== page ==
The employee alleged that the ex-employer's statements were false because he had not violated any policy and because Florida's Department of Labor and Employment Security had awarded him unemployment benefits after finding he was not guilty of misconduct. The court also found that, under the circumstances, the employee had stated a claim for intentional interference with an advantageous business relationship.
Many employers have attempted to minimize the risk of providing references by requiring employees to sign releases that force the employee/accuser to pay the company's legal fees and costs in defending an unsuccessful employment reference claim.
Nevertheless, until protection for reference-providing employers is more secure, it is not likely that much, if any, information will be passed along.
Acquisition Allied Waste Industries Inc., Scottsdale, Ariz., has announced that the San Diego County Board of Supervisors approved Allied to assume ownership and operation of the solid waste disposal system for San Diego County, Calif. This transaction will allow the company to internalize 1,200 tons per day of volumes currently collected in its San Diego operations and will substantially increase its presence in the Southern California market. Allied will pay approximately $160 million in cash consideration and assume responsibility for approximately $24 million in future capital expenditures.
Eastern Environmental Services Inc., Mt. Laurel, N.J., has completed its acquisition of the Ruben Smith Carting Co. in Atlantic City, N.J. It also has signed definitive purchase agreements to acquire five collection companies in New York City and a collection company in Miami. The combined companies have annual revenues of approximately $20.1 million.
American Disposal Services Inc., Burr Ridge, Ill., has acquired 10 waste management companies located in New England, Missouri, Indiana, Ohio and Pennsylvania, bringing to 5`1 the company's total acquisitions since January 1993. The acquisitions were purchased using a combination of cash and stock.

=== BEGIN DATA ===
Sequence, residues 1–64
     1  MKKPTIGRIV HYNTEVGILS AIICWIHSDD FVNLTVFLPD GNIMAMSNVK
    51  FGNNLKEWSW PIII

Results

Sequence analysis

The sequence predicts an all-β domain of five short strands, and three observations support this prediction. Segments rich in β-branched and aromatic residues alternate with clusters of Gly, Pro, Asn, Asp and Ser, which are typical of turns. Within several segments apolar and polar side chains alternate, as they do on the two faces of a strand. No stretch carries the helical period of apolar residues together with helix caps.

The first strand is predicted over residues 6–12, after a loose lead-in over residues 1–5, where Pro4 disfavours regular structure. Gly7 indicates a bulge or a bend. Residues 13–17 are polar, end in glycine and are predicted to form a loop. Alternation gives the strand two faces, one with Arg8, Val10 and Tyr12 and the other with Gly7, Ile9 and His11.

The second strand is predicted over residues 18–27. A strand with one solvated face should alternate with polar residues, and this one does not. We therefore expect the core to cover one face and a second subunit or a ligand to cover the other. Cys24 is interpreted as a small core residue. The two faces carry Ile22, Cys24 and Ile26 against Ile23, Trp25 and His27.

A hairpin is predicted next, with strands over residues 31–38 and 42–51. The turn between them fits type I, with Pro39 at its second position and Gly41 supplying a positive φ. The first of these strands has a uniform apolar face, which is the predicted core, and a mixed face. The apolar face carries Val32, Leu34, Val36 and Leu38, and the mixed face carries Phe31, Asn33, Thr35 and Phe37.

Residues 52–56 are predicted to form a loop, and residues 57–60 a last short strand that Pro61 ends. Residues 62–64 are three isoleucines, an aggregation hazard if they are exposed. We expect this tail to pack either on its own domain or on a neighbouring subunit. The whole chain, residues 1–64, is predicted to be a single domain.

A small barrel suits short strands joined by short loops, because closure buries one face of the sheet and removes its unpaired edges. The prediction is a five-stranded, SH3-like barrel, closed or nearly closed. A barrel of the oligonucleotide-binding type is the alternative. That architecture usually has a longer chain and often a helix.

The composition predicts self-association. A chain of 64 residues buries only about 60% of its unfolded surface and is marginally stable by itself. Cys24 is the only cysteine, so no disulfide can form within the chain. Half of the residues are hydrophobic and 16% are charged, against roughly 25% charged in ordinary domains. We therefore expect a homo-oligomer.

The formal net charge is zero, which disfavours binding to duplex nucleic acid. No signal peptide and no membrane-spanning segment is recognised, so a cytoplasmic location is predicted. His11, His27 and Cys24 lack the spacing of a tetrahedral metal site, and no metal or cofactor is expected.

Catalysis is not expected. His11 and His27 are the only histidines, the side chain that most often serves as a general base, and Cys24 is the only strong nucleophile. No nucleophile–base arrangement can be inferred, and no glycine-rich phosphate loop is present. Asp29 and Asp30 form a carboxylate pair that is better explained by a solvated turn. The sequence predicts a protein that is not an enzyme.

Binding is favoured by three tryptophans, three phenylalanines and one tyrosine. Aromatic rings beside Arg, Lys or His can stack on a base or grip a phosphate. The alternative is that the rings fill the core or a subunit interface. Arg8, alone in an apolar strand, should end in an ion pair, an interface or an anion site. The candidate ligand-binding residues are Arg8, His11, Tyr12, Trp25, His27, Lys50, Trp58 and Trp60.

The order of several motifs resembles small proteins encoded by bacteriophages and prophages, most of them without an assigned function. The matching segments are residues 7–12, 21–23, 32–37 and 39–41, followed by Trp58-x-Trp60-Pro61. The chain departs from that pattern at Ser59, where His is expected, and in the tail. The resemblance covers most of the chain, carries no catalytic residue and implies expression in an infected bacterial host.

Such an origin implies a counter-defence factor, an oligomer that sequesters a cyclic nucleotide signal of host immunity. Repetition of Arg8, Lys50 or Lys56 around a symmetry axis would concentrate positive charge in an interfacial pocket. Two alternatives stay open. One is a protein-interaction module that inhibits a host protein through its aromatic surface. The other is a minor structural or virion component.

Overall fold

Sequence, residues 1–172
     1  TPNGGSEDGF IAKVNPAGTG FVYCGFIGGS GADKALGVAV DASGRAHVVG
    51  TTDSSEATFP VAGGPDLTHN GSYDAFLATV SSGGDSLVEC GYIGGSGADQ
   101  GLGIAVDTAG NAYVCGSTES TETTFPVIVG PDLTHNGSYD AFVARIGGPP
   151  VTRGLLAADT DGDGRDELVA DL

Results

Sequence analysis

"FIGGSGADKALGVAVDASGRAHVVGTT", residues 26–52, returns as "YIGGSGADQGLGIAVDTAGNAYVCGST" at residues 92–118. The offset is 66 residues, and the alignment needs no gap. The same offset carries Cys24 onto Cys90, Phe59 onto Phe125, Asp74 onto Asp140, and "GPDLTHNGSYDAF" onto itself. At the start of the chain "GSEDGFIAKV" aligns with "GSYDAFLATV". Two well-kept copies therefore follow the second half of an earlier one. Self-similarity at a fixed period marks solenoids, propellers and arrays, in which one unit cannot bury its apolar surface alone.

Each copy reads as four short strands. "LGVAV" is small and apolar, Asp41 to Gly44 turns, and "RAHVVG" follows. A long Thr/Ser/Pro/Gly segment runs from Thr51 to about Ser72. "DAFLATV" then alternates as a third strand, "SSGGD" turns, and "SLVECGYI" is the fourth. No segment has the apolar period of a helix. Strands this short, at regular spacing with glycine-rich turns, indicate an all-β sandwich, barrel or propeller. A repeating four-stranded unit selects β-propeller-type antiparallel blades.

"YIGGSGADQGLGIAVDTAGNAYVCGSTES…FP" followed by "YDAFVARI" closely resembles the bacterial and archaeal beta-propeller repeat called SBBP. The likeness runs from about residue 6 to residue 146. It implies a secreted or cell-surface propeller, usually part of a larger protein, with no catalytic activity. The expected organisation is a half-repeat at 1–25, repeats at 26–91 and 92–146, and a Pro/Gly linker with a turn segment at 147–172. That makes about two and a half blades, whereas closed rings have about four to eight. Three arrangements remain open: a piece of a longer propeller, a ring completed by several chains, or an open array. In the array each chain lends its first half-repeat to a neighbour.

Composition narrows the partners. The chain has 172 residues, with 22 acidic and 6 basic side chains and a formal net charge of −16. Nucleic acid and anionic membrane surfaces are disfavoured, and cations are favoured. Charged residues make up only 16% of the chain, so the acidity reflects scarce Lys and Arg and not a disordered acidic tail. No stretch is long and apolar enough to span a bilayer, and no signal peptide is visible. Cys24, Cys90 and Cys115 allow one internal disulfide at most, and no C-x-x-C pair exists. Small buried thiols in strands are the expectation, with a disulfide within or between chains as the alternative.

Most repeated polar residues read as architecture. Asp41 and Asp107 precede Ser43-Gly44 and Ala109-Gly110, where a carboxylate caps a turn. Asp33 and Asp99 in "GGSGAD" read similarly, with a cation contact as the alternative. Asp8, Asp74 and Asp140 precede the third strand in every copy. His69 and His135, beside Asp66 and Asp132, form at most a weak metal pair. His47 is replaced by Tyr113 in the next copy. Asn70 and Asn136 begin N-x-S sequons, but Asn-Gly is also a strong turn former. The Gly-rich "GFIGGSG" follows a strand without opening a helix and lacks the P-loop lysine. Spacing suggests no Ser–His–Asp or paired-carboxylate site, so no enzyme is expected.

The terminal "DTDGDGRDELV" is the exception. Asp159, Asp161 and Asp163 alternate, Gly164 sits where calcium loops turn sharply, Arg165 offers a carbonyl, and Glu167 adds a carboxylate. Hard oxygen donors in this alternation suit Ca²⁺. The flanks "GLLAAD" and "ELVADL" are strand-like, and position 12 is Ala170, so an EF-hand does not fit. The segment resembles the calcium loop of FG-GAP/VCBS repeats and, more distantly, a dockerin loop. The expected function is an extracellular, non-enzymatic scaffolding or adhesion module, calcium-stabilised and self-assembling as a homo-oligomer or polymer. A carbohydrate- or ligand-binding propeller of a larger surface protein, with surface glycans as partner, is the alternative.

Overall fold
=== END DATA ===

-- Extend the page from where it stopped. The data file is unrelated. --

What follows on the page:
Awards The American Forest & Paper Association has awarded its eight annual Best Paper Recycling Program Awards. Winners include: Manitowac County (Wis.) Materials Recovery Facility; Charleston County (S.C.) Department of Solid Waste/Recycling; Granger Recycling Center, Lansing, Mich.; Northwestern University, Ill.; Tree Musketeers, El Segundo, Calif.; and Rhode Island Resource Recovery Corp.
The California Integrated Waste Management Board, Sacramento, Calif., has presented the Walt Disney Co. with a "Waste Reduction Award Program of the Year" plaque. In 1996, the company recycled 80,000 tons of waste, saving $528,000 in disposal costs.
Contract Global Recycling Technologies Inc., Stoughton, Mass., has been awarded a contract by the Massachusetts Division of Operational Services for the recycling of spent mercury-bearing fluorescent lamps. The contract is available to all Massachusetts agencies, authorities and municipalities for one year with up to four option years.
Loans The California Integrated Waste Management Board, Sacramento, Calif., has approved $2,221,134 in loans to Evergreen Glass, Stockton; MBA Polymers, Richmond; and Vision Recycling, Almeada County.
New Facility Allison Transmission announces the opening of its new customer training facility in Indianapolis, Ind. The 13,000-square-foot facility offers courses on basic maintenance to more in-depth classes that cover hydraulic and electronic controls of the World Transmissions.
Re-Opening Med/Waste Inc., Opa Loca, Fla., has announced that its South Carolina waste incineration facility which suffered fire damage has been granted permission to reopen and resume normal operations by the S.C. Dept. of Health and Environmental Control.